He explains why he is convinced the author of the bitcoin was not a cryptographer: the system is complicated but far from ideal. Additionally, there is no user anonymity. That is why the whole world now knows that Satoshi Nakamoto, whoever he is, is an insanely wealthy person.

Lipmaa owns three apartments in downtown Tartu and one in Pärnu county.

Finally, Lipmaa asks his name not to be mentioned in the press.

Professor of software science at the Tallinn University of Technology Ahto Buldas, who worked with Lipmaa on timestamping technology in the late 1990s, laughs out loud when told an American lawyer believes Lipmaa to be Nakamoto. “The timestamping field was a compact one, there weren’t many players there to begin with,” Buldas says.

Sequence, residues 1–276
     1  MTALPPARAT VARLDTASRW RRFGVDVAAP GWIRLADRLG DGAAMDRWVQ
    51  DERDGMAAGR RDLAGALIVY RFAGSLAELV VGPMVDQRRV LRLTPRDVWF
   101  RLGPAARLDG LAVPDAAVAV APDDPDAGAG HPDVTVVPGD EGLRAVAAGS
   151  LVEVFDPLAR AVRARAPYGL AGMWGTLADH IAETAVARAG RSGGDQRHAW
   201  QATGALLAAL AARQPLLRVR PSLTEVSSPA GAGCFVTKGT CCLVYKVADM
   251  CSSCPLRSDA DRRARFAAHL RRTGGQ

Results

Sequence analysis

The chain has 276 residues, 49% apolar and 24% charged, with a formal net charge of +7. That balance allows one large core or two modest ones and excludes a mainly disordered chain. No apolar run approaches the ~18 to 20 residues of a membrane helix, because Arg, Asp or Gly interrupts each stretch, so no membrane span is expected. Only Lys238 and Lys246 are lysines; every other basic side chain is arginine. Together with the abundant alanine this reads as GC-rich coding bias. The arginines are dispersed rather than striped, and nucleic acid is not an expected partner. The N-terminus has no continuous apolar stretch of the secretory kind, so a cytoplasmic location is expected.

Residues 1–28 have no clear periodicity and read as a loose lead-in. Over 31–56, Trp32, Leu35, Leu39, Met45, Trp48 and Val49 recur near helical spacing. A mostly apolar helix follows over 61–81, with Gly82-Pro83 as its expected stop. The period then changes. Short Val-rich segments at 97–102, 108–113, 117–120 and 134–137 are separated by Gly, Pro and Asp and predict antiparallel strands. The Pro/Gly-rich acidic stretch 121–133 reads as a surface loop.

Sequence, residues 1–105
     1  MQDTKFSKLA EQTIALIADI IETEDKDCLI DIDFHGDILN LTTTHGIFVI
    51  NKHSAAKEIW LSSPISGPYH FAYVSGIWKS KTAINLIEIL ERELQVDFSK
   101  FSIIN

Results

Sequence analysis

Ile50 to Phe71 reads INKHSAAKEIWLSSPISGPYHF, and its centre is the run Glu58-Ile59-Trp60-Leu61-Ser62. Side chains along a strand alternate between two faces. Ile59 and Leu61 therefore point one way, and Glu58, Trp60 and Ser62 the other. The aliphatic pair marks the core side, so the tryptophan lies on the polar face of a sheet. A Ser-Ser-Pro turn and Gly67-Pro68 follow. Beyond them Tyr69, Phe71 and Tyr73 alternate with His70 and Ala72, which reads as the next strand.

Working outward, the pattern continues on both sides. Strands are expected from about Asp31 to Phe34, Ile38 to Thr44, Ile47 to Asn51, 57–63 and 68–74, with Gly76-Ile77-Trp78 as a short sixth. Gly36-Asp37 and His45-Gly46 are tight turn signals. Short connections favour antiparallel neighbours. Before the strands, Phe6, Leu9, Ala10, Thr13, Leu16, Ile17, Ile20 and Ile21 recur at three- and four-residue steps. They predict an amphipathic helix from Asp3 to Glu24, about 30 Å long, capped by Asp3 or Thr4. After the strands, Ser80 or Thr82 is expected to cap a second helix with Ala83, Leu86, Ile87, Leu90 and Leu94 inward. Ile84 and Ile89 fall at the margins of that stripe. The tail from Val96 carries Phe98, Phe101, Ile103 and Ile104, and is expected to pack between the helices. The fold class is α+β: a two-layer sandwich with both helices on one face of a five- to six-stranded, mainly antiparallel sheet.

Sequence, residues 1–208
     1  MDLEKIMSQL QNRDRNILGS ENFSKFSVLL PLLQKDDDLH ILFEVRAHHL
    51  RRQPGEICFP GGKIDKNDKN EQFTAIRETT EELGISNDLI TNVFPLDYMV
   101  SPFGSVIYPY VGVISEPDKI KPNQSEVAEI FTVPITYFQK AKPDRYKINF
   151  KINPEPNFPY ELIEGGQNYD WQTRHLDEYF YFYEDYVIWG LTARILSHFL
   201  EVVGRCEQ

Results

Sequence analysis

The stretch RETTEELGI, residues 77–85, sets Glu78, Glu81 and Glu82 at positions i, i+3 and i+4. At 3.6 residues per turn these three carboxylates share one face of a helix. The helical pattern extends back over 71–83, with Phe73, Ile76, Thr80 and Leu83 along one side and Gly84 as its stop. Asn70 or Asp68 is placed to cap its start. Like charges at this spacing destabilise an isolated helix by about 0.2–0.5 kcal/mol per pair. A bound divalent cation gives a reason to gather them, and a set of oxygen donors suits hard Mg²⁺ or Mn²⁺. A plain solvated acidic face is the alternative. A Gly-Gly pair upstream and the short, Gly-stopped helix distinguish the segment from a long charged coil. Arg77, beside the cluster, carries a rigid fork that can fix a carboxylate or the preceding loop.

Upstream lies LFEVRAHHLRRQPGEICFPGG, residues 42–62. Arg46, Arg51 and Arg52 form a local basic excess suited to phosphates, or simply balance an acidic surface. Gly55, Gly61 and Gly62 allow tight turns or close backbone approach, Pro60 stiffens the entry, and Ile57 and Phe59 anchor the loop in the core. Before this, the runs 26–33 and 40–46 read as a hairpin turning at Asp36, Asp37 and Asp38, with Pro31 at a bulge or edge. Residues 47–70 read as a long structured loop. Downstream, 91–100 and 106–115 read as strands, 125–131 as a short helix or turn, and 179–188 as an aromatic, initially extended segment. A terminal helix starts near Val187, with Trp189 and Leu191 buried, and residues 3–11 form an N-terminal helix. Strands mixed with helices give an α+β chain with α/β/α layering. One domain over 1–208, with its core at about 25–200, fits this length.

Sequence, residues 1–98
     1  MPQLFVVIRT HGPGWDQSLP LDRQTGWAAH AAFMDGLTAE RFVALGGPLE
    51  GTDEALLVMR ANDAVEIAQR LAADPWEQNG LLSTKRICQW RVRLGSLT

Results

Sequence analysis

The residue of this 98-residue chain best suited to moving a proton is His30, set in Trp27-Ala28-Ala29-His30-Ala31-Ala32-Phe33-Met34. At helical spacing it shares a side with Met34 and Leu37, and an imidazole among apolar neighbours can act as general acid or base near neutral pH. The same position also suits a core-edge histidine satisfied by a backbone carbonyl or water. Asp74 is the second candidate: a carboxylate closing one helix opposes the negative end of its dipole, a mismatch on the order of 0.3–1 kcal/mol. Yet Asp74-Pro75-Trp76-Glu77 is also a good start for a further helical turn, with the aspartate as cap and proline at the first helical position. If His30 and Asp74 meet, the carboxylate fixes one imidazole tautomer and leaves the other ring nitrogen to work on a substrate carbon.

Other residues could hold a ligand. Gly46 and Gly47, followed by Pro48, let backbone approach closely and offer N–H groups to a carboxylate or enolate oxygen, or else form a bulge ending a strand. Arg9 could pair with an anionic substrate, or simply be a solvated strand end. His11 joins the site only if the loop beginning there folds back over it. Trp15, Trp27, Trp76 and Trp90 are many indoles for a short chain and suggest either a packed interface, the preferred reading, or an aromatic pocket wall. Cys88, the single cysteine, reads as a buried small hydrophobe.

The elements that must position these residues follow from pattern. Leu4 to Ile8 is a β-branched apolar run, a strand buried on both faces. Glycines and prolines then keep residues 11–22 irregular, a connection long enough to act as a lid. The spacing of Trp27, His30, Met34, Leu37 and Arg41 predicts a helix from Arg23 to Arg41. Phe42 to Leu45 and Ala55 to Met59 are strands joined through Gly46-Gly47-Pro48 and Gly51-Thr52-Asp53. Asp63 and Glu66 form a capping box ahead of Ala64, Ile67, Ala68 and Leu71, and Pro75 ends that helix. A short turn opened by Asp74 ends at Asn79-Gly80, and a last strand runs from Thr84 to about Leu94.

He explains that bitcoin is like a global account book and all approximately five thousand servers hold a copy of that book. “The number of scientists that worked on it at the time was not great, while there are other candidates for Nakamoto. I don’t want to say that Lipmaa is not Satoshi Nakamoto; even though I don’t really believe it, it cannot be ruled out either,” he says. “We could all have been Nakamotos.”

However, Buldas adds that looking at the nature of bitcoin, it is probable it was created by a group of people and not a single person.